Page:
Health Kentucky Politics

Republican leaders of the Kentucky Senate have introduced a bill to try to alleviate the state’s nursing shortage by easing regulations on the industry.

Kentucky health care providers have struggled with staffing shortages throughout the coronavirus pandemic and nursing leaders say the industry had trouble attracting and retaining workers even before that.

Senate Bill 10 would expand opportunities to nurses licensed in other states or countries. Kentucky is currently one of more than two dozen states which have a reciprocity agreement that allows licensed nurses to work in states within the compact. 

Sen. Robby Mills, a Republican from Henderson and sponsor of the bill, said in a statement the measure would help the state hire nurses more quickly. 

The nursing shortage has the potential to negatively impact each of us and those we love. This bill will help make sure our health care facilities are professionally equipped to care for Kentuckians during moments of need,” Mills said.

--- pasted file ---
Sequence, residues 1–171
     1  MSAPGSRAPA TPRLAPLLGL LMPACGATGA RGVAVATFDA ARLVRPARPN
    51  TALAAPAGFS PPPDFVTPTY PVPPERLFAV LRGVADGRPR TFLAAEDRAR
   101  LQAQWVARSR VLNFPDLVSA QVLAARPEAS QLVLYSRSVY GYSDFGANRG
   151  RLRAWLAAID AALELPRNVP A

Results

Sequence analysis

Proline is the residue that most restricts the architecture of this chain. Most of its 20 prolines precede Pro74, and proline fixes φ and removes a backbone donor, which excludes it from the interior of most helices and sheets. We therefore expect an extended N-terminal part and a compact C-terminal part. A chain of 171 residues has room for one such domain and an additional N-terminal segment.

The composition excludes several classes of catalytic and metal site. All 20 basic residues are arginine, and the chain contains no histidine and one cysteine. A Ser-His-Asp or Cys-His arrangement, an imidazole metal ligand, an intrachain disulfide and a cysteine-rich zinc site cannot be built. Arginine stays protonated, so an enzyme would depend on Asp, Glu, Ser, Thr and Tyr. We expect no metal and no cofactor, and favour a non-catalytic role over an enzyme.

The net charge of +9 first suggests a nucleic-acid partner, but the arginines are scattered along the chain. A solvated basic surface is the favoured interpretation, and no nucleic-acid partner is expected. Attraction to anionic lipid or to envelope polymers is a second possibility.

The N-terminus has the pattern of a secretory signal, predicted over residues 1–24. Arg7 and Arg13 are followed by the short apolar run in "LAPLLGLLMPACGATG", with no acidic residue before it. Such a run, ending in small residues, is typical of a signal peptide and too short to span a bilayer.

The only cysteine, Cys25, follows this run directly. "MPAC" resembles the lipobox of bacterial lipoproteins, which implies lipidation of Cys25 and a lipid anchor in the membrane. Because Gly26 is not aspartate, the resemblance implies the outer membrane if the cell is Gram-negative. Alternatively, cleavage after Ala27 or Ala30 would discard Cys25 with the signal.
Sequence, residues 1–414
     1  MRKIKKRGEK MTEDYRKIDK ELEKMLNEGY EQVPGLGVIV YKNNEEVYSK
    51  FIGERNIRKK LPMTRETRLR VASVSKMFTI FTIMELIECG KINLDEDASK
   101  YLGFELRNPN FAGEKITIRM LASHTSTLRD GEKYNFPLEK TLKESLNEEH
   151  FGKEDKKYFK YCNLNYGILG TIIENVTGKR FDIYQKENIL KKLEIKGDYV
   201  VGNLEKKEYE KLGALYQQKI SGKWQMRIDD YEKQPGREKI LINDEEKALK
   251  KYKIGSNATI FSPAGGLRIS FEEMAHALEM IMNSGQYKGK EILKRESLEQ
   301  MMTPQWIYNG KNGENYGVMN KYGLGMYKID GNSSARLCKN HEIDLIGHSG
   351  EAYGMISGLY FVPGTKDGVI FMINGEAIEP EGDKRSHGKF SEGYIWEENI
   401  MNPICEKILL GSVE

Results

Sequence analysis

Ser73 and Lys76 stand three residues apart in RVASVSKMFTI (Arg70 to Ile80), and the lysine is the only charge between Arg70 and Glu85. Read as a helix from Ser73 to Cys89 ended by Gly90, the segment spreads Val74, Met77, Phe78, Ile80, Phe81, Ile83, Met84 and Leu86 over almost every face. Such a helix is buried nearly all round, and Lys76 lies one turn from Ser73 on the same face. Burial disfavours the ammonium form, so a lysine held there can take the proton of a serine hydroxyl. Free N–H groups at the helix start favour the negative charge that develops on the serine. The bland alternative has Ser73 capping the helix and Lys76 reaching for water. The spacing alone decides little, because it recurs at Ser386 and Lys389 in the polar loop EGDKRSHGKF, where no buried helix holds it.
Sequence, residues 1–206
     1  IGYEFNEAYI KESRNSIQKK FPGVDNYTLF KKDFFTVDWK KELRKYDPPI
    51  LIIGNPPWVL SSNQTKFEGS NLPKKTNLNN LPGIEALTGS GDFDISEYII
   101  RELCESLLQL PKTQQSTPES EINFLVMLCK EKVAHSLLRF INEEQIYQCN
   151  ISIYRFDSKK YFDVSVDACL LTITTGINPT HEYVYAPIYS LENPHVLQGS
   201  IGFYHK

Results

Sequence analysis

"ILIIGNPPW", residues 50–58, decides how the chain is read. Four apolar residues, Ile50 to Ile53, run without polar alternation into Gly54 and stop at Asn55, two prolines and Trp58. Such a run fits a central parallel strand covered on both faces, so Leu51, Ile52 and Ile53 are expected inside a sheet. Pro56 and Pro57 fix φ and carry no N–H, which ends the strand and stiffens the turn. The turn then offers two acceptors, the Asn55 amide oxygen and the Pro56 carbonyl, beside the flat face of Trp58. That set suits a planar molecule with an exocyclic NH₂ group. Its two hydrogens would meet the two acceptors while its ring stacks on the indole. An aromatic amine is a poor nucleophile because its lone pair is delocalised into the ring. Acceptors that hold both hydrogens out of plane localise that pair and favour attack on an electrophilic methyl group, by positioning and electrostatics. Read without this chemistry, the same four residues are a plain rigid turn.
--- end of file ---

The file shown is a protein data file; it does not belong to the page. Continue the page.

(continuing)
The bill would allow the state nursing board to immediately issue temporary work permits and licenses to nurses who are licensed in a state outside of the compact, as long as they are in good standing. 

It would also allow nurses trained and licensed in other countries to practice in Kentucky, as long as they have taken and passed the National Council Licensure Examination or an exam prepared by the Commission on Graduates of Foreign Nursing Schools International.

There are currently around 89,000 nurses registered in the state. But that’s not enough, according to Kentucky Nurses Association Executive Director Delanor Manson, and the need is expected to grow. 

“We’re increasing, we’re getting more nurses but it’s still not enough,” Manson said in a recent interview. “Our data shows the Kentucky Board of Nursing that we’re going to have a shortage within the next couple of years that is insurmountable.”

In an effort to increase the number of nursing students in Kentucky, the bill would remove limits on enrollment for any Kentucky nursing school that has at least an 80% license completion rate over the previous five years.

It would also restructure the Kentucky Board of Nursing to require members to be practicing nurses. Members will also be more geographically representative of the state as a whole.

 

Aprile Rickert is WFPL's health reporter.